The Art of Drying Flowers
This method is as simple as hanging the flowers upside down. However, it is important to note which flowers dry the best using this method. The best type of flowers to dry tend to have a woodier stem that feels like it is holding less moisture, consider delphiniums rather than dandelions.
Flowers should be picked then dried relatively fast to ensure that they start drying in their best condition. But do not get discouraged, you do not need to go foraging or harvesting flowers, unless you are able to and want to.
You can still dry flowers you have received or bought at a store; just make sure the flowers you are planning to use are free of moisture. Excess moisture makes the petals droopy and slimy, which can cause mold and prevent the drying process.
How to Air-Dry Flowers
- Scissors, snippers or pruners
- A place to hang the flowers away from a wall
Step by Step:
- Use the scissors to cut excess leaves from the flower stems. Leave some foliage if desired to have some greenery.
- Cut the stems to the desired length, leaving enough to hang.
- Gather the stems and use the twine to tie them together, leaving enough twine to then loop and hang from.
- Hang the flowers upside down, ideally in a dark, dry, and well-ventilated area. It is important to keep the flowers away from direct sunlight to help retain their color and keep from damaging.
- Let the flowers dry for approximately two to three weeks.
- Once the flowers look and feel completely dry, they are ready to be used.
If you are harvesting your flowers to dry, it is best to cut them right after they have bloomed to help keep their shape and their color bright.
If your flowers feel wet, try laying them on a tissue or newspaper to soak up the moisture before you hang them to dry.
Most importantly, have fun and experiment. Some flowers will take their own new form when they are dry and will not look the same, it is all part of this unique experience.
Flowers Most Conducive to Air Drying
Yarrow - Achillea millefolium (Golden Garden Favorite)
Lady’s mantle – Alchemilla mollis
Love-lies-bleeding – Amaranthus caudatus
Winged everlastings – Ammobium alatum
Masterworts - Astrantia
Cupid’s dart - Catanache
Chamomile – Chamaemelum nobile
Wild carrot – Daucus carota
Globe thistle – Echinops
Baby’s breath – Gypsophila
Sunflowers – Helianthus
Strawflowers –Helichrysums (Golden Garden Favorite)
Curry plant – Helichrysums italicum
Paper daisies – Helipterum
Statice – Limonium sinuatum
Love-in-a-mist – Nigella (Golden Garden Favorite)
Marigolds – Tagetes
Feverfew – Tanacetum parthenium
The History and Process of Drying Flowers
The art of drying flowers for medicine, decoration, and fashion has been a practice dating back thousands of years. The ancient Egyptians used dried flowers in the form of garlands and arrangements for special occasions such as religious ceremonies and burial traditions. Aside from decorative use, they used dried flowers for perfumes, incense, oils, and even cosmetic pigments. Similarly, the ancient Greeks and Romans used dried flowers in the form of wreaths and garlands to honor warriors, athletes, poets, and politicians.
During the Middle Ages, in Europe, flowers were dried for medicinal use. It was not until the 16th Century in Japan, that dried flowers were used to create different types of artworks. The Japanese created Oshibana, which is the art of drying or pressing flowers and other natural materials to design an entire picture. Oshibana started gaining attraction westward, and very soon drying flowers became popular in Victorian England. Drying flowers became a hobby for women, who would use them to make garlands, design photos, or adorn accessories such as jewelry, gloves, and fans. An entire culture of symbology and language grew around drying flowers to communicate feelings, and messages of love, celebration, or mourning. Today, this interpretation is what is associated with the use of flowers in our daily lives.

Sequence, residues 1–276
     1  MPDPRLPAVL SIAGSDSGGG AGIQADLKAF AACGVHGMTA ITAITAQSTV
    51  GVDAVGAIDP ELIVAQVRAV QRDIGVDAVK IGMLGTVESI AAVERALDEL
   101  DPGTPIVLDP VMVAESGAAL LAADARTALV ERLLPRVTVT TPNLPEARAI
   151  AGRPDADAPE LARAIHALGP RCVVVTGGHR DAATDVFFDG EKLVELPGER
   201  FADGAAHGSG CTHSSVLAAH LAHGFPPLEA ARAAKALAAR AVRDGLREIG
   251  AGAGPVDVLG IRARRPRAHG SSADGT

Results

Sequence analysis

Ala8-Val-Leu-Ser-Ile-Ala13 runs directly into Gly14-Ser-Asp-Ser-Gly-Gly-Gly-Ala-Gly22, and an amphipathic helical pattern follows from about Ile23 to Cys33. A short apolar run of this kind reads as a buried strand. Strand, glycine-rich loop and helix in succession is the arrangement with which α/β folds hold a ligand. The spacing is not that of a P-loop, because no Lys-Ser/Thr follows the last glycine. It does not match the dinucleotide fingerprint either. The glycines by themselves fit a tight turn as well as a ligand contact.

Apart from the ancient use of dried florals, it also became a practice in areas around the world where they lack access to fresh blooms year around. Therefore, they would dry the flowers available in the spring and summer and store them to use during winter. This way they were able to celebrate and enjoy the beauty of flowers regardless of the season. Currently, the rise in popularity of dried florals came about as more and more people strive to reduce waste and adopt more sustainable practices in their daily lives. Dried bouquets are special because with proper care they can last a lifetime and are easy to travel with. Unlike fresh flower bouquets that wilt and are thrown away, dried bouquets are a sentiment you can carry with you forever.
Flowers set the tone for a memorable event, from weddings to proms to funerals, they carry with them a memory of a special moment in time. It is possible to preserve part of that beautiful memory by drying the flowers and using them to create an everlasting bouquet. Dried flowers do not have to be associated with a memory or sentiment, they can also be used for art and decoration just like the Egyptians and Japanese did. There are many creative ways to use dried flowers in your life, however, first you must learn how to dry them. The method we prefer, as Golden Gardeners, is to air dry the flowers, because it is not only the easiest but is the cleanest most sustainable way to preserve them.
For a more in-depth exploration on the topic of drying flowers, check out the book Everlastings How to Grow, Harvest & Create with Dried Flowers by Bex Partridge, which is available to purchase on our website. Also, subscribe to our newsletter if you’d like to know about any upcoming workshops involving dried florals.
Gabriela Rodríguez Cortés
Floral Designer and Contributing Writer